Gold nanoparticle delivery of microRNA impairs metastasis in triple-negative breast cancer
Weill Cornell Medicine researchers have shown that giving mice with triple-negative breast cancer therapeutic microRNA (miRNA) in a protective gold nanoparticle results in significantly less spreading of cancer to the lung. Triple-negative breast cancer is a highly aggressive, difficult-to-treat form of the disease, with a high rate of metastatic recurrence. miR-708 is a non-coding microRNA that can block expression of genes that are crucial in metastasis.
In a study, published online Jan. 24 in the AACR journal Molecular Cancer Therapeutics, one out of eight mice with triple-negative breast cancer treated with miR-708 experienced metastasis to the lung, compared with the control group, where six out of seven mice experienced metastasis. miR-708 does not affect the primary breast tumor; rather it inhibits metastasis by targeting a small number of cancer cells that have the potential to metastasize to the lung.
"Our preclinical findings provide evidence for potential success in preventing metastasis in this deadly form of breast cancer," said the study's senior author Dr. Vivek Mittal, a professor of cell and developmental biology in cardiothoracic surgery and research director of the Neuberger Berman Foundation Lung Cancer Laboratory at Weill Cornell Medicine.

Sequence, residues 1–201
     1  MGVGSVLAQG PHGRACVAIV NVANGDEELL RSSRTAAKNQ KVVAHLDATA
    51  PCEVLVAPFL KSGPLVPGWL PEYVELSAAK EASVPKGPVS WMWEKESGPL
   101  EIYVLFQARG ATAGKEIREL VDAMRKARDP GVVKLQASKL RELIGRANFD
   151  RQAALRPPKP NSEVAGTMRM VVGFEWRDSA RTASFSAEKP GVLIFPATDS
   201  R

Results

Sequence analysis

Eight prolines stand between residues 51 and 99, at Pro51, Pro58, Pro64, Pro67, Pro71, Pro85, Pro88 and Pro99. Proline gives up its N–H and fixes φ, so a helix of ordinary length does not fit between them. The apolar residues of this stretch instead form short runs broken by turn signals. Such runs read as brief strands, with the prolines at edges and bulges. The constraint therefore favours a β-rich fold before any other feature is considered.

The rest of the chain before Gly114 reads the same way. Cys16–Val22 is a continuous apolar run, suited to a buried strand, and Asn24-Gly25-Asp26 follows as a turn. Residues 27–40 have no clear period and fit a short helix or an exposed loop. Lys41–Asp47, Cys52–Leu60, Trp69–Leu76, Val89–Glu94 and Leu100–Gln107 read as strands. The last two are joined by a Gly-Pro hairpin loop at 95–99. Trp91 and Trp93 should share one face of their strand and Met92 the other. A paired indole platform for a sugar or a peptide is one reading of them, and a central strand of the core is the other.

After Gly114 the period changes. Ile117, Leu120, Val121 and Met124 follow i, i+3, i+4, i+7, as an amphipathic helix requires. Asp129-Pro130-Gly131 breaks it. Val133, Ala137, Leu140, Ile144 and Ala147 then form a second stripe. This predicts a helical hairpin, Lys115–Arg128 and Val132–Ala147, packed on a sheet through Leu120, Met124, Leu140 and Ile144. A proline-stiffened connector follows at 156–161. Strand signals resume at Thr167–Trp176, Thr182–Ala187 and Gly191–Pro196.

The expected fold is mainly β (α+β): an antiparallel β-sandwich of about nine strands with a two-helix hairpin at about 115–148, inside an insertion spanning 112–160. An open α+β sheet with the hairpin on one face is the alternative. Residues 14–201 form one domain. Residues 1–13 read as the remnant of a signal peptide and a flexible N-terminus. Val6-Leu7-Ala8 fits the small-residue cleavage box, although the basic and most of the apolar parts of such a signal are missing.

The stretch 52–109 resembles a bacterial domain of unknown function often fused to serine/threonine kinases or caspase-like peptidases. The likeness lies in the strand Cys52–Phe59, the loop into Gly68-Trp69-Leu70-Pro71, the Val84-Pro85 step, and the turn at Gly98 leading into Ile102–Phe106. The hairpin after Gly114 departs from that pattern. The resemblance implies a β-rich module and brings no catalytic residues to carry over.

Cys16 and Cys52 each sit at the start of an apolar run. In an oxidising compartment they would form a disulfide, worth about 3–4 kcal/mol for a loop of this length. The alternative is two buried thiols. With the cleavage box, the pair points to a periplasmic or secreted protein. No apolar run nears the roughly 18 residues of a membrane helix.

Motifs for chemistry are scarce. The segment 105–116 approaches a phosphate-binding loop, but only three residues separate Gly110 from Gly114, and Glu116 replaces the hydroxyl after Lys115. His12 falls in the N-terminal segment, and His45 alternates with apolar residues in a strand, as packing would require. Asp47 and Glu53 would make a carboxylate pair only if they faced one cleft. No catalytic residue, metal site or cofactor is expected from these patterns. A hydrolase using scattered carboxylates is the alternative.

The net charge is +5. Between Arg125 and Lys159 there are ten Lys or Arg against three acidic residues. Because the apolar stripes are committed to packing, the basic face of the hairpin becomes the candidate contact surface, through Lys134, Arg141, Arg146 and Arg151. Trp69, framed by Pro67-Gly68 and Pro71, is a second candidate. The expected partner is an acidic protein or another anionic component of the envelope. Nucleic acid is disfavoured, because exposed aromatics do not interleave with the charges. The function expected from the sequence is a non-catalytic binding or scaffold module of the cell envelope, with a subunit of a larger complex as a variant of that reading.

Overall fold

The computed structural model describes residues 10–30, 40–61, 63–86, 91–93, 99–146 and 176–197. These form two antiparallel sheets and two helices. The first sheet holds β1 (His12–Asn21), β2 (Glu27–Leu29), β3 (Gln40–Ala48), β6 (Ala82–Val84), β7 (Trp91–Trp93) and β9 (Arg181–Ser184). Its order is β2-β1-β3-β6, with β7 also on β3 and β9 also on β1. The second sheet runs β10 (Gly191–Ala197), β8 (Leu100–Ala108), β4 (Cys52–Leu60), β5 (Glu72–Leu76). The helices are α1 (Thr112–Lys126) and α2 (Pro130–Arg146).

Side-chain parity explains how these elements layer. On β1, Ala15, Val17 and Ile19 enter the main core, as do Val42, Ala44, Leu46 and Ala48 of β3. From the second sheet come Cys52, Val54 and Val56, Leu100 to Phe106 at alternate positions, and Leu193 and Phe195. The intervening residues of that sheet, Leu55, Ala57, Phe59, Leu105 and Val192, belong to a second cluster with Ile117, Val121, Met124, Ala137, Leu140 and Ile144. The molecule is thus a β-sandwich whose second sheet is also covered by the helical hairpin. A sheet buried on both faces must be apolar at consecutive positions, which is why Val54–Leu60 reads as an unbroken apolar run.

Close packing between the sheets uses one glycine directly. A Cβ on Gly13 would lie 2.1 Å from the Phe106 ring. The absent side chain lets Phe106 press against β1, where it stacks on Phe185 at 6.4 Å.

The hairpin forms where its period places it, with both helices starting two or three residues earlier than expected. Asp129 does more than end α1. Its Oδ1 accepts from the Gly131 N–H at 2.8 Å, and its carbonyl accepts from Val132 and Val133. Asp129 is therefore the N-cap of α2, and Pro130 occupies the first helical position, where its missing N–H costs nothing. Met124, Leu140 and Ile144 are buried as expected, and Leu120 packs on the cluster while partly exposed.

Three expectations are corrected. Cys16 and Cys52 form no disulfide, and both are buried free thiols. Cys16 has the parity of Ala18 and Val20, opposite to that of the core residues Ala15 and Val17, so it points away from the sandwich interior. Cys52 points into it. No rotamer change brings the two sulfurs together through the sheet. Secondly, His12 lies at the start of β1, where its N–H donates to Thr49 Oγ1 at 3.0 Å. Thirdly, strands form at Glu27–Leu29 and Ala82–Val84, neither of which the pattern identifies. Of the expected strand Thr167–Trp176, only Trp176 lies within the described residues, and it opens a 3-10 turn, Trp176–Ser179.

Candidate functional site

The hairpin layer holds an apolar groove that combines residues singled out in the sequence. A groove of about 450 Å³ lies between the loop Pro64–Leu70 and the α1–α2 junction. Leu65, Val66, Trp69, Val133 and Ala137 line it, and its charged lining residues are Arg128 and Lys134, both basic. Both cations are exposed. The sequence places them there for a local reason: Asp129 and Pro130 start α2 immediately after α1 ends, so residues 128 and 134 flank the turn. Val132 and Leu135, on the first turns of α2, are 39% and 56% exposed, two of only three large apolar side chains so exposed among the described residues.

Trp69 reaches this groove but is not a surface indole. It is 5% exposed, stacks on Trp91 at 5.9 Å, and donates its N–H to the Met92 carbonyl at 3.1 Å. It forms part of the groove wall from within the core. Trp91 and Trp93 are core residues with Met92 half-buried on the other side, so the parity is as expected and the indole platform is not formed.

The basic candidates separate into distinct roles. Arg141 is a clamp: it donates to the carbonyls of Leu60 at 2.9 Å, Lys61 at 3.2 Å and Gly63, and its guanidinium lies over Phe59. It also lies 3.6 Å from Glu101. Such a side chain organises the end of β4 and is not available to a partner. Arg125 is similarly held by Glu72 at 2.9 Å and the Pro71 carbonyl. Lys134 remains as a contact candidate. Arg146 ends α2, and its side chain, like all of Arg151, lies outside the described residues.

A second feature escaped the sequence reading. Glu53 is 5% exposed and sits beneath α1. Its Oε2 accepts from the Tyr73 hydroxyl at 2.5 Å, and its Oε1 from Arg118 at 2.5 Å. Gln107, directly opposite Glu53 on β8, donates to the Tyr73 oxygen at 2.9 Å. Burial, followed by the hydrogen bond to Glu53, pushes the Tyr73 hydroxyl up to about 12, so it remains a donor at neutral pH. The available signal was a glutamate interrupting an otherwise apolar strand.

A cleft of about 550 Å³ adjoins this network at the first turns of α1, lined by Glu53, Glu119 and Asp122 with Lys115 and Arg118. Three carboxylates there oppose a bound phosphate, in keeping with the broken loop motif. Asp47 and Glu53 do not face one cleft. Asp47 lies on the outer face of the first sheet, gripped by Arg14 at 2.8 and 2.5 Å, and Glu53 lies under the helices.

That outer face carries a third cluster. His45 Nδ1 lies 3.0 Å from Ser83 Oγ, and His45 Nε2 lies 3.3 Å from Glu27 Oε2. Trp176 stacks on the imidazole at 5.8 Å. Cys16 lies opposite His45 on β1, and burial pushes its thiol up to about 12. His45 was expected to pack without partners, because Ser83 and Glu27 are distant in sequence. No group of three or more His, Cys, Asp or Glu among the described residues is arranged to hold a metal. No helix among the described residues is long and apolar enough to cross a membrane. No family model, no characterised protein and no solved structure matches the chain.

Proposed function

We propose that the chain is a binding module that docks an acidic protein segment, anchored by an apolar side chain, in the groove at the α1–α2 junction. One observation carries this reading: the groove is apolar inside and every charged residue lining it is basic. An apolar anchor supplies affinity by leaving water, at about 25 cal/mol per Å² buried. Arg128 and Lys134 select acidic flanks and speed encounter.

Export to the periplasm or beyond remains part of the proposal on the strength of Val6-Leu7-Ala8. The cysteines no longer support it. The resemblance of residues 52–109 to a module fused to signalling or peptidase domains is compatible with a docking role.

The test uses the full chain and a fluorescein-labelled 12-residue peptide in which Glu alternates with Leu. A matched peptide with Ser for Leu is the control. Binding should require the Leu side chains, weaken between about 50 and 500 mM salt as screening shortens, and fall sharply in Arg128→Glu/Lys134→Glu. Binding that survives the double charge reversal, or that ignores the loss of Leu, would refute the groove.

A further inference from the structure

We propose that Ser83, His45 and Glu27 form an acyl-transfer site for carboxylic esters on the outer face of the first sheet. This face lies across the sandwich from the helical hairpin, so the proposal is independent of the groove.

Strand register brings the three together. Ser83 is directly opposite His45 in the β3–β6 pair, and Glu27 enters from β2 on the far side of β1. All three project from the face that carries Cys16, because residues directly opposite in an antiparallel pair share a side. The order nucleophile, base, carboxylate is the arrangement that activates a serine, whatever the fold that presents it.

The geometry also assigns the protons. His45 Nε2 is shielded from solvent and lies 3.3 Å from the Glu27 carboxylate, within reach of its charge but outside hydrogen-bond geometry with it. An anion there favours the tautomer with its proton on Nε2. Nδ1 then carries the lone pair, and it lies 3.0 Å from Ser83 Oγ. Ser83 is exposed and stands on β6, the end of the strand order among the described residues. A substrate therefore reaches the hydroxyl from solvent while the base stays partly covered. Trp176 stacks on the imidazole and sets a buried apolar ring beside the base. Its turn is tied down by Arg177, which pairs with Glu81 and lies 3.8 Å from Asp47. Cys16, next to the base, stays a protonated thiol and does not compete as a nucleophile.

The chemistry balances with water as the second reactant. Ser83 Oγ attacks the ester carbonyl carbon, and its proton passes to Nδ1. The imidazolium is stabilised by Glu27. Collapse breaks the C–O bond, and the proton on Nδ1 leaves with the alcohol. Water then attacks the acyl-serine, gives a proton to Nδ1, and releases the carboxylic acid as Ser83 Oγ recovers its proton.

"Given that miR708 is absent in human TNBC metastasis, we anticipate enormous clinical potential for miR708," said study's first author Dr. Divya Ramchandani, a postdoctoral associate in cardiothoracic surgery at Weill Cornell Medicine.
This study was performed in collaboration with Dr. Ching Tung, the Alexander R. Margulis, M.D. Distinguished Professor in Radiology at Weill Cornell Medicine and director of the Molecular Imaging Innovations Institute the institution's Department of Radiology.